9. Starting with the rear right edge, slide your card or (gently) the flat-blade screwdriver into the casing between the lower black section and the upper blue or white plastic. Slowly move the tool forward and, as you do, you'll hear the case's clips pop open.
Do the two sides first and then the front, which is a little trickier to do - so take your time. Again, the credit card is the best choice of tool here, as it'll minimise scratching.
10. Lift off the lid to reveal the AA1's motherboard, wireless card and, to the right, daughterboard.
11. Remove the marked screws. The one on the right holds the wireless card in place - once free, the card will spring up and you can slide it out of its slot and move it to the rear of the case.
Take care with the screw on the left. It's in tight, and we nearly stripped the head getting it out. If you don't have a screwdriver that fits the screw's head, don't proceed until you have one that does.
12. Lift the tape holding this cable down - the wires connect the AA1's speakers to the motherboard - and gently pull out the connector. Use the nails on your two index fingers to pull the connector forward and out. Don't just pull the wires.
Can't get the keyboard to pop back in!
I unpopped the keyboard successfully and don't appear to have damaged the springs but I cannot get the keyboard to pop back in now. How do I get the clips to reattached to the top of the keyboard?
I think I'll persevere with mine as it is ta! I'm running Ubuntu 8.10 on it at the moment, and after the odd tweak here and there, the machine is perfectly servicable for mine and my girlfriends use.
@ Trolling AC 19th February 2009 18:55 GMT (Can we have a troll icon?)
Fair and reasonable points, however it's worth remebering that the AAO is/was about a tonne cheaper than most other netbooks.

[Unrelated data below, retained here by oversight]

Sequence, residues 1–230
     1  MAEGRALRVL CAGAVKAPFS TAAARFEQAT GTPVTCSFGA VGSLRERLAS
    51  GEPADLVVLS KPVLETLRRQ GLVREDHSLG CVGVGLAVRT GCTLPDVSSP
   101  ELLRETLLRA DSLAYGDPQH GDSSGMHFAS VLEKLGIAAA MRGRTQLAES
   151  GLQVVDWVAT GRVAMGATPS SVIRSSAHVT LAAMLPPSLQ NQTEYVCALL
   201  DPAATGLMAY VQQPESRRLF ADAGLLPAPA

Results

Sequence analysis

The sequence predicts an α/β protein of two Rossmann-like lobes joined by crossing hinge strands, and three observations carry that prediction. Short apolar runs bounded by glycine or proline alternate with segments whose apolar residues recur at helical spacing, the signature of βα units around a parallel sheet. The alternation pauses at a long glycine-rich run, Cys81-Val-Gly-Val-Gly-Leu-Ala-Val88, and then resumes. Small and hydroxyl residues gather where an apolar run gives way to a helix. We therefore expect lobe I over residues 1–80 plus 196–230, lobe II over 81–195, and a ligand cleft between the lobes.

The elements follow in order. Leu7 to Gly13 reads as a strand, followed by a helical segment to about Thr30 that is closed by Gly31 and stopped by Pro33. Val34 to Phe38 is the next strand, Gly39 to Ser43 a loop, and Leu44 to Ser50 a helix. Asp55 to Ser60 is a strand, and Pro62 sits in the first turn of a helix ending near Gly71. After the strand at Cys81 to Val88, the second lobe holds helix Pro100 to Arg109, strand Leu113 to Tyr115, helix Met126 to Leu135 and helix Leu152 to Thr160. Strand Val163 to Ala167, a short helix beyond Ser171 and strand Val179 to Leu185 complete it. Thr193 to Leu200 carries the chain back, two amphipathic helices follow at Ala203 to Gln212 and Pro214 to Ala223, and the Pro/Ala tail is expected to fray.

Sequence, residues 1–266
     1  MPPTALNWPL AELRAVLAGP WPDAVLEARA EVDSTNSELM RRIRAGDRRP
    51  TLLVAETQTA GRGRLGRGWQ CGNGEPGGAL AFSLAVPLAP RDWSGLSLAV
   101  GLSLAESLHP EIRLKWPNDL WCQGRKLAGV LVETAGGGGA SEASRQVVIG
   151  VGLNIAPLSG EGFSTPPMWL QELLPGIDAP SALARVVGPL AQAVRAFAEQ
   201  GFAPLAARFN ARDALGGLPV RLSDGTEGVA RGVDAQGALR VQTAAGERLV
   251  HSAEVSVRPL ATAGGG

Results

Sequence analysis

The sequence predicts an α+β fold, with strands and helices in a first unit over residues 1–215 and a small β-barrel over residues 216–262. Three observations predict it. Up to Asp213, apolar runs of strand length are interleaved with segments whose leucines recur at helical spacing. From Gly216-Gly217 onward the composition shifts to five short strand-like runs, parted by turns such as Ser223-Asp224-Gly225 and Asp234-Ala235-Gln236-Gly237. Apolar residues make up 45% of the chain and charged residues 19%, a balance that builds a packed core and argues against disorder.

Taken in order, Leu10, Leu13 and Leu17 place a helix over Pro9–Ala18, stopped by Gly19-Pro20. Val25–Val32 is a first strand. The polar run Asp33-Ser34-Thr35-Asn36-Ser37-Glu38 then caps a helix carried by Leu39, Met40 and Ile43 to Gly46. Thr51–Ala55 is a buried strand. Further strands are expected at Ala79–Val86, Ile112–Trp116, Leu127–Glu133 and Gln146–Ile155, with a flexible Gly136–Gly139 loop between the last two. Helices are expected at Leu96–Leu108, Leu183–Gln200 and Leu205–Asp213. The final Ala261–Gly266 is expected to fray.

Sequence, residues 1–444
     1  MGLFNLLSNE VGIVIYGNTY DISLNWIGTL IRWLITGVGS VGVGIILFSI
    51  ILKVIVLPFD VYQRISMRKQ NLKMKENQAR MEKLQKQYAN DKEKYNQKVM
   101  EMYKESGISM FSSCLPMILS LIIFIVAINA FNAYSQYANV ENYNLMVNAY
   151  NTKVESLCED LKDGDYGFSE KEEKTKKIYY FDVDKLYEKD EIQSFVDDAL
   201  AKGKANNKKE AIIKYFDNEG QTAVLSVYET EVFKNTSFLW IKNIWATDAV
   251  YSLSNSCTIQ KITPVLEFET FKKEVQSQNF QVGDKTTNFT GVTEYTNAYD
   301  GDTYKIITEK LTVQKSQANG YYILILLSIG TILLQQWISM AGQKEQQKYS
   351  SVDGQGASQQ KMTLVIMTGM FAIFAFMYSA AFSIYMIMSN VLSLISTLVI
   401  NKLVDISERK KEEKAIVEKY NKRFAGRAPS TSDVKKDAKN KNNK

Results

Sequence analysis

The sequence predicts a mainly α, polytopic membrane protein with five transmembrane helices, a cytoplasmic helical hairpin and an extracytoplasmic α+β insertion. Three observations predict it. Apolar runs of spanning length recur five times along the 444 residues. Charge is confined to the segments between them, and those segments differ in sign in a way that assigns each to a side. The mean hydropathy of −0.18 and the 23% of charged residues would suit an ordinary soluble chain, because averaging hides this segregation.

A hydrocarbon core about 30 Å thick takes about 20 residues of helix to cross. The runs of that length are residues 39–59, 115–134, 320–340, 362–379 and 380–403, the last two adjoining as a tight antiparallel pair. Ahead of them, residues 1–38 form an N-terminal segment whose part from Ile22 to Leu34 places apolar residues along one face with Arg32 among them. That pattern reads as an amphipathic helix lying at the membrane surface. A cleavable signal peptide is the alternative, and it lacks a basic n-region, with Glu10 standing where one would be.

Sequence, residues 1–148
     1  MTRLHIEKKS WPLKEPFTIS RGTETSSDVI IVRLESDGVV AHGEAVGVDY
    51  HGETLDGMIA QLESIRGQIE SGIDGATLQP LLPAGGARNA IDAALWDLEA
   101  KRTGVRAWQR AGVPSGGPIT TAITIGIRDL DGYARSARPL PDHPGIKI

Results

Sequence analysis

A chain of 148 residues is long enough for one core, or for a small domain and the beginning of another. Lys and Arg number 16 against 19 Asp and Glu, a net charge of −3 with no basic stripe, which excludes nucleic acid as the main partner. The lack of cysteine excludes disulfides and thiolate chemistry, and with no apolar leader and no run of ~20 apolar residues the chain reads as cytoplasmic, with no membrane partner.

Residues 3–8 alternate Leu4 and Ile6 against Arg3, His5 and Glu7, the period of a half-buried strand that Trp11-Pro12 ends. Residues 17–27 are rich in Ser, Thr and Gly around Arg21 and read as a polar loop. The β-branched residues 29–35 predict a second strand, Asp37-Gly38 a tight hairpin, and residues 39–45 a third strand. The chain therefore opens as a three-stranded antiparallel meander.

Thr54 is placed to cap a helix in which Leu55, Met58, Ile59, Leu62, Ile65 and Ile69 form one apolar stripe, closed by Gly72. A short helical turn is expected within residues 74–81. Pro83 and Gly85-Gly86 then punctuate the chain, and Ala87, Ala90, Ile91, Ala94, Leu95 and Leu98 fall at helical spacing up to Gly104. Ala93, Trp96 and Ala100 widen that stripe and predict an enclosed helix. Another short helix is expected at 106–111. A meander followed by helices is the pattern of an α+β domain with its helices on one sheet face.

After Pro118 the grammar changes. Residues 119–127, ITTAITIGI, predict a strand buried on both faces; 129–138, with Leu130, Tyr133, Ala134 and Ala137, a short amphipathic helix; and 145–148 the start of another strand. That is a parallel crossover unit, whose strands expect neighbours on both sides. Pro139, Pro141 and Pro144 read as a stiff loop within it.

Asda do the 160gb HD, 512mb job for 150 squid.
I got one, fitted an extra gb memory and whacked XP/ffdshow on there.
With hyperthreading it plays 720p with only 50% CPU usage. sweet.
Give us more of the hardware stuff I loves it!
This is why I didn't buy an AA1
This 5-page guide (with a link to the video at the end) is one of the two main reasons I haven't bought an Acer Aspire One. Upgrading the RAM on any machine (netbook, notebook or desktop) should *never* be as painful as this! Most machines either have a hatch exposing the RAM or have the DIMM slots easily accessible once you remove (usually only one side of) the case.
The other reason the AA1 isn't worth buying? The pitiful battery life - just about the worst in the entire class of netbooks out there - and the correspondingly expensive replacement battery you have to get to go beyond the 2 hour mark.
A shame really, because with easily upgradeable RAM and a decent battery, the AA1 might have been a contender. Mind you, don't get me started on the AA1's dog slow SSD either :-)